The Together We Rise advisory committee is made up of a maximum of 12 Black community members. The advisory committee actively participates in directing and creating events, facilitates long term visioning and meets regularly. The advisory committee works with the Black Justice Coordinator to realize a more just and equitable environment for Black Hamiltonians. We encourage youth (ages 15-29), self-identified Black elders (age 55 and up) and all Black community members from different walks of life to join this committee.
To read more about Together We Rise: https://hamiltonjustice.ca/en/community-justice/black-justice/
Clare has worked in the non-profit sector for approximately 19 years as an Executive Director. She has extensive experience in leadership, strategy, public relations, advocacy, and management. She has served on many local, provincial, and national boards and committees, and is deeply committed to giving back to her community through her engagement with numerous social justice initiatives.
Since 2015, Clare has served as the CEO of Dr. Bob Kemp Hospice and bereavement services. Additionally, her past roles include Executive Director, Interval House of Hamilton; Counselling Coordinator, Sexual Assault Centre of Brant; and Continuing Education Professor of the Child and Youth Program, Mohawk College. She obtained her Bachelor of Sociology from the University of Western, as well as her Master of Social Work from York University.
Clare is a passionate and rights-based social justice advocate, and embodies the principles and values that the Hamilton Community Legal Clinic stands for. She will brings a wealth of experience from the organizations she has worked for in the past that will be of benefit to the Hamilton community.
We would like to congratulate Clare on her new role and look forward to continuing to fight for access to justice under her leadership.
We also extend our deepest gratitude to Hugh Tye for his exceptional leadership as our Executive Director over the past 26 years.
The Board of Directors
Hamilton Community Legal Clinic
Indigenous people see the impacts of colonization on a daily basis. We are assured to either hear, see or feel these impacts of colonialism, racism and discrimination every single day. Ongoing colonial and systemic policies continue to disproportionately impact the lives of Indigenous peoples across Turtle Island, including within the City of Hamilton.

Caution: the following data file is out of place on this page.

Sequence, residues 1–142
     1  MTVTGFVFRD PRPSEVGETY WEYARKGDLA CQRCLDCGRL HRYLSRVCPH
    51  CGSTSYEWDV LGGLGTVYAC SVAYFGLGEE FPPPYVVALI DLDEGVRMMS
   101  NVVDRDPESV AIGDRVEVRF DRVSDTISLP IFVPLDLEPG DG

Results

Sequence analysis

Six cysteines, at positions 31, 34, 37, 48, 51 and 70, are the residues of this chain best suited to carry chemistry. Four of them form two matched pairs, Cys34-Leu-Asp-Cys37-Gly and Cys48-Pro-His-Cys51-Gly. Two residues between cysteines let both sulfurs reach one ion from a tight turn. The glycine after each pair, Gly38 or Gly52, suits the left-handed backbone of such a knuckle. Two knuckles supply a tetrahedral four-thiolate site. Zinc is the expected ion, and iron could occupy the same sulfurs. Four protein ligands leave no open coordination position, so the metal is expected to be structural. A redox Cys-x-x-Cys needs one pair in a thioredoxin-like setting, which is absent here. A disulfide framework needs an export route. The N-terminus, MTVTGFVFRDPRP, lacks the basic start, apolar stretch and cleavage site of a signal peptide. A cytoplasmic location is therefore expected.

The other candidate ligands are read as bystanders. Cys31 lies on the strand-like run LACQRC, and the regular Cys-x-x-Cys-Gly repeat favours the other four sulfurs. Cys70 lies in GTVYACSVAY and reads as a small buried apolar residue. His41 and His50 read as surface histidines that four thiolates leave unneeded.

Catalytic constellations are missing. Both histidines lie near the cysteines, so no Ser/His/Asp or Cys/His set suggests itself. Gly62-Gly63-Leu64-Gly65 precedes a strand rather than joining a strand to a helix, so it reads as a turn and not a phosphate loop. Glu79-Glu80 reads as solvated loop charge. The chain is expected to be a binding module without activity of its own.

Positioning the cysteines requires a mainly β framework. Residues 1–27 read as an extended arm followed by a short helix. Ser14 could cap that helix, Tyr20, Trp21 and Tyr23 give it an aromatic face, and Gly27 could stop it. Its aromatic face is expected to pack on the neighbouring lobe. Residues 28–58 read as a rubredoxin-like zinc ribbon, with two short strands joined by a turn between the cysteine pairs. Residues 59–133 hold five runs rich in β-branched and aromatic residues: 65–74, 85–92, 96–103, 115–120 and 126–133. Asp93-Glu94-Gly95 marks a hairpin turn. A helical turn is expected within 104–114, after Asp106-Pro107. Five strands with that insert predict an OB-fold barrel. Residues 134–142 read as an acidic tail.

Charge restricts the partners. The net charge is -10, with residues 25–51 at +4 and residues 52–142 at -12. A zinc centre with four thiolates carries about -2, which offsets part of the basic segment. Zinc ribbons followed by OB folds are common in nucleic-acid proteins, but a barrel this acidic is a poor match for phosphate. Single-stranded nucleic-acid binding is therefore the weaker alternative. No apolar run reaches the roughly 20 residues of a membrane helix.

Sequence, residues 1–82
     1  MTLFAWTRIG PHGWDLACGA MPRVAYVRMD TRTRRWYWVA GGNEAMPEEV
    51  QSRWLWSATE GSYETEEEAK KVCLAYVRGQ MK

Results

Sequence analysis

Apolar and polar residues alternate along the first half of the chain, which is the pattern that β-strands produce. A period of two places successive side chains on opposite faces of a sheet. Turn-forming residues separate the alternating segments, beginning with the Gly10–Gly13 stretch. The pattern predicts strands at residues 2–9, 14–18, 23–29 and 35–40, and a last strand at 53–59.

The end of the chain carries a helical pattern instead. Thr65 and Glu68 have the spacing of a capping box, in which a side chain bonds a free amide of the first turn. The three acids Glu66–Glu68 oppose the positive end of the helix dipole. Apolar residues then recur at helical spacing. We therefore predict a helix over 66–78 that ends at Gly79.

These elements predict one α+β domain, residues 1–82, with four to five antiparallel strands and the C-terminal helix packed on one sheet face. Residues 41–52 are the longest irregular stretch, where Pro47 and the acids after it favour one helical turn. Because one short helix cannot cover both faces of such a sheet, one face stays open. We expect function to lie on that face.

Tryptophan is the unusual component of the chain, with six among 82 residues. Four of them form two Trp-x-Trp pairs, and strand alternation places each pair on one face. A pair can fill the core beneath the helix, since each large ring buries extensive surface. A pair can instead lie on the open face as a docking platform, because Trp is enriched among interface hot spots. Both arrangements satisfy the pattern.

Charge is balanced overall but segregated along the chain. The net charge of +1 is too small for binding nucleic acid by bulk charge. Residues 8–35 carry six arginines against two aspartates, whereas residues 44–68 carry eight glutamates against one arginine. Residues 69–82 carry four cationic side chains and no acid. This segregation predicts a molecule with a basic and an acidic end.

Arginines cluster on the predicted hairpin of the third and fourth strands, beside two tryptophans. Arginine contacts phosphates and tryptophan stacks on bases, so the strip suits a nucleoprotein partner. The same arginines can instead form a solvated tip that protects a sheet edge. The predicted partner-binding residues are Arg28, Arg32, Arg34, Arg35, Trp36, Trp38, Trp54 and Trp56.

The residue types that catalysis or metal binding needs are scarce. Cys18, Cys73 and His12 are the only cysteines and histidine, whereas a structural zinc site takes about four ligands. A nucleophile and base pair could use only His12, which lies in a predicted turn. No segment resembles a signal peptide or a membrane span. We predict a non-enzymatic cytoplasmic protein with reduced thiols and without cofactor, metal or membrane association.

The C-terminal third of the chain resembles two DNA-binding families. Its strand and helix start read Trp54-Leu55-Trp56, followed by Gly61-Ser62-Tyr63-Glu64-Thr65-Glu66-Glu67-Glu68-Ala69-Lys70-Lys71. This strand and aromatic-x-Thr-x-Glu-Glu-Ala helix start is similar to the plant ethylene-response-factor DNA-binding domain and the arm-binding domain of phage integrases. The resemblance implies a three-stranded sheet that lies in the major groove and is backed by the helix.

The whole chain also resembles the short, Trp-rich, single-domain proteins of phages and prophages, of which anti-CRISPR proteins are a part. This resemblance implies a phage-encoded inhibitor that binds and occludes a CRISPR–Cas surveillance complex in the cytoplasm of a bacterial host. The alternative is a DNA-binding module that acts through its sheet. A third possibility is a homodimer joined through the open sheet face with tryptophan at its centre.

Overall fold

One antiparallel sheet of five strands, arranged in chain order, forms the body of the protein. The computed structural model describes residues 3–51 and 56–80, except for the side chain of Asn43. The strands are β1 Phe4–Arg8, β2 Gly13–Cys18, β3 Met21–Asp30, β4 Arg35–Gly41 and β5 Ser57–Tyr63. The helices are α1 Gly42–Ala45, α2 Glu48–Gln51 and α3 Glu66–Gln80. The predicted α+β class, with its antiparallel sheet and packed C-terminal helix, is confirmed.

Canada continues to oppress Indigenous people through the use of harmful colonizing polices.
These policies include the doctrine of discovery, the Indian Act, the 60’s scoop, residential schools, child welfare systems and the colonial legal system.
The Assembly of First Nations notes: “The Doctrine of Discovery emanates from a series of Papal Bulls (formal statements from the Pope) and extensions, originating in the 1400s. Discovery was used as legal and moral justification for colonial dispossession of sovereign Indigenous Nations, including First Nations in what is now Canada. During the European “Age of Discovery”, Christian explorers “claimed” lands for their monarchs who felt they could exploit the land, regardless of the original inhabitants. This was invalidly based on the presumed racial superiority of European Christian peoples and was used to dehumanize, exploit and subjugate Indigenous Peoples and dispossess us of our most basic rights. This was the very foundation of genocide. Such ideology led to practices that continue through modern-day laws and policies.”
The Indian Act was created in 1876. The main goal of the Act was to force the First Nations peoples to lose their culture and become like Euro-Canadians, otherwise referred to as forced assimilation. The Indian Act has been changed many times and it is still an oppressive tool of the Canadian government. It does not affect either the Métis or Inuit.
These tools of the colonial project have led to Indigenous people’s loss of land, language, identity, and way of life.
A clear example of the policies that cause harm is the recent court ruling that enables the local municipal government of Hamilton to forcibly remove homeless people from public spaces. This violent act further displaces encampment residents, destroys any sense of safety and/or security by dismantling the only place they call home and violently disposing of personal belongings. Replicating 500 years of police and government sanctioned colonial violence.
Indigenous people are over-represented in Hamilton’s encampment population.
The Truth and Reconciliation Calls to Action have been committed to by the government of Canada to try to rectify some of the wrongs done to Indigenous people. It is a tool we use to remind that there is a necessity to work with Indigenous people and communities to change the way things are done and reduce the harm. Consultation is a way of working with the Indigenous community and consultation did not happen when the decision to remove the encampments, removal that impacts Indigenous people, was made.
Hamilton and Burlington lie within the Haudenosaunee and Anishinaabe territories and fall under the dish with one spoon and the two row wampum treaty agreements. Treaties are binding agreements between two groups and there are responsibilities to all that these agreements include. Have municipal governments forgotten they are treaty partners? Or have they failed to ever acknowledge and put this relationship into practice?